Melanie Leneghan, R-Powell, issued a press release Monday in the wake of her filing a petition for a writ of mandamus with the Ohio Supreme Court to compel the Secretary of State to void the ballots of 16 precincts cast during the May 8 primary in Muskingum County.
Leneghan placed second to Troy Balderson, R-Zanesville, in the May 8 Republican Primary for the nomination to run in the August Special Election and November General Election for Ohio’s 12th Congressional District. She trailed Balderson by only one percent of the total vote in the district.
According to the petition filed in the Court, Leneghan is accusing the Muskingum County Board of Elections of fraudulent acts during the June 6 recount of the May 8 Republican party nomination to Ohio’s12th Congressional District ballots. She is asking that the ballots in the 16 precincts be set aside and not counted in certifying the Republican primary election of May 8th.
“To my disappointment, Muskingum County officials clearly violated the statutes governing recounts and provided deceptive information and documents suggesting that our concerns of misconduct on election night were justified” Leneghan states in the press release. “We now cannot obtain with any certainty an accurate count of votes in these precincts, and as such are forced to request the Secretary of State through the Ohio Supreme Court to carry out his sworn duties when violations of our elections laws are engaged in by local officials.”
Leneghan’s legal team filed the writ of mandamus Thursday with the Court seeking to compel Secretary of State Jon Husted, the Muskingum County Board of Elections and the Franklin County Board of Elections to amend or certify the recount results. Ultimately if the court decides to take Leneghan’s desired course of action, the Muskingum County Board of Elections could be ordered to hold a new election.
“This is much bigger than me,” she states in the release. “I just want to make sure we protect the voters’ rights to select their representatives and to protect the integrity of our elections. If we the people cannot reasonably have confidence in the actions of local government officials overseeing our elections, we are in big trouble.”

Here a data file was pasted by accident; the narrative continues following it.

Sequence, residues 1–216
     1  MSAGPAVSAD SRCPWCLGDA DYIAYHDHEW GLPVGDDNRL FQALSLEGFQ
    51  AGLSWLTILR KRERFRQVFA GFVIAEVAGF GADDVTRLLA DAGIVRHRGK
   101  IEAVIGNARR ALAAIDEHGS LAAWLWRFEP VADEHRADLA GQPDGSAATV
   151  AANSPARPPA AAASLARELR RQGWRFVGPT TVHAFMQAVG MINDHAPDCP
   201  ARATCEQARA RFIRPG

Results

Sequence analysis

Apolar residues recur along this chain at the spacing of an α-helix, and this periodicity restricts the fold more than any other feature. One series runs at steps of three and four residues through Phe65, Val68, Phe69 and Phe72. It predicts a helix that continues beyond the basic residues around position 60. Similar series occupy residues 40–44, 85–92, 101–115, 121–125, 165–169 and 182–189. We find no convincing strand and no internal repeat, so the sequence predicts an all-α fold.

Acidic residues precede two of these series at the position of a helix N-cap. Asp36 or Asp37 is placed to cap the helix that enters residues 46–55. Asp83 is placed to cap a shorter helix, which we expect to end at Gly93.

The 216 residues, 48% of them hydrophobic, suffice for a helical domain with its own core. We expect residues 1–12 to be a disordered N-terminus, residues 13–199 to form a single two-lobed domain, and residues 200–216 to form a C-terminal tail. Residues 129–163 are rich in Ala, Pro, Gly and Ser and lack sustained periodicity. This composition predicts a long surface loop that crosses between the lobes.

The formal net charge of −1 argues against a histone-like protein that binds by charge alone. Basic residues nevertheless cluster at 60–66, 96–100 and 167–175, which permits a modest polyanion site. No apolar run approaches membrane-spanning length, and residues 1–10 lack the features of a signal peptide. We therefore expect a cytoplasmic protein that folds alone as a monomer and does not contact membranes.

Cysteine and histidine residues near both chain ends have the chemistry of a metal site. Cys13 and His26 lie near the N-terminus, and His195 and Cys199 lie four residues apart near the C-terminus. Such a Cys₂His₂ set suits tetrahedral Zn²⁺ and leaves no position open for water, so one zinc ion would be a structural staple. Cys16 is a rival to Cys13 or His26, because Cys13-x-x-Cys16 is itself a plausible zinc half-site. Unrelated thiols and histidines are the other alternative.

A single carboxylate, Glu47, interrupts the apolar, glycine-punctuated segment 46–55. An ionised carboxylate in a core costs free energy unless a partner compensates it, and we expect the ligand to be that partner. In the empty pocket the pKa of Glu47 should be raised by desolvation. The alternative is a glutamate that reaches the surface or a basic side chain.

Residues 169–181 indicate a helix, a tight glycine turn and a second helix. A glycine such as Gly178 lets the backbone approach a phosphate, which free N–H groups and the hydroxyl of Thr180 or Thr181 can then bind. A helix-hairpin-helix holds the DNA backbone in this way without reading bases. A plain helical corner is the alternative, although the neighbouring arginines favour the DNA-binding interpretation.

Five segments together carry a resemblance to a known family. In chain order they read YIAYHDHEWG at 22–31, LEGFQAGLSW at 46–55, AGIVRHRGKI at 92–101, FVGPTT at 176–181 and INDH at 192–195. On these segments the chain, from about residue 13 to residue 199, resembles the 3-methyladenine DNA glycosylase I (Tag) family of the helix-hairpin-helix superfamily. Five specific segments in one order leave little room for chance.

Leneghan had filed an application May 31 requesting the recount of five precincts in Delaware County, 21 precincts in Franklin County, six precincts in Licking County, and 16 precincts in Muskingum County.
Leneghan’s press release states the purpose of a recount is for a candidate to verify the votes in the initial results to make sure the results are correct.
However, Leneghan’s legal team allege that two days prior to the scheduled recount date of June 6, which representatives from both the Leneghan and Balderson campaigns were to observe, Muskingum County BOE staff opened the sealed boxes containing the ballots.
“On June 5th one day prior to the scheduled recount where by law the ballots are to be unsealed, and not before, they scanned the ballots, submitting these totals as official recount totals, all felony violations of Ohio’s election statutes,” as stated in the press release.
“Muskingum County’s unlawful actions denied both the Leneghan campaign, who requested and was paying for this recount, and the voters, of our rights leaving us no other choice but to file a writ of mandamus asking the courts to right who and what had been wronged,” stated attorney Peggy Guzzo, who filed the action with the Ohio Supreme Court.
Leneghan has contended since the day after the primary election that the number of votes in Muskingum County was inconsistent with the other counties in the 12th Congressional District.
“Muskingum County wasn’t in line with the other counties,” she said in a earlier interview with The Gazette.
In the release Kay Clymer backs Leneghan on her idea of the numbers being inconsistent and is quoted in the press release as stating, “On election night, the number of votes for each candidate in the Muskingum County totals were drastically inconsistent with the other counties as well as with historical data. The campaign for Melanie Leneghan had a very strong ground game in Muskingum County and a number of voters who live in the county did not believe the numbers and felt strongly that the election was being stolen. We expected for candidates to have a good chance at winning their home county but receiving 77% in a ten-way race is suspect.”
Clymer is a 47-year resident of Muskingum County and is also named as a relator in the mandamus action.
“In the remaining 92% of the 12th district, Leneghan won by a whopping 5% over Troy Balderson who carried only 24% of the votes, but in Muskingum County, 8% of the district, Balderson was reported as getting 77% of the votes,” Clymer added in the release.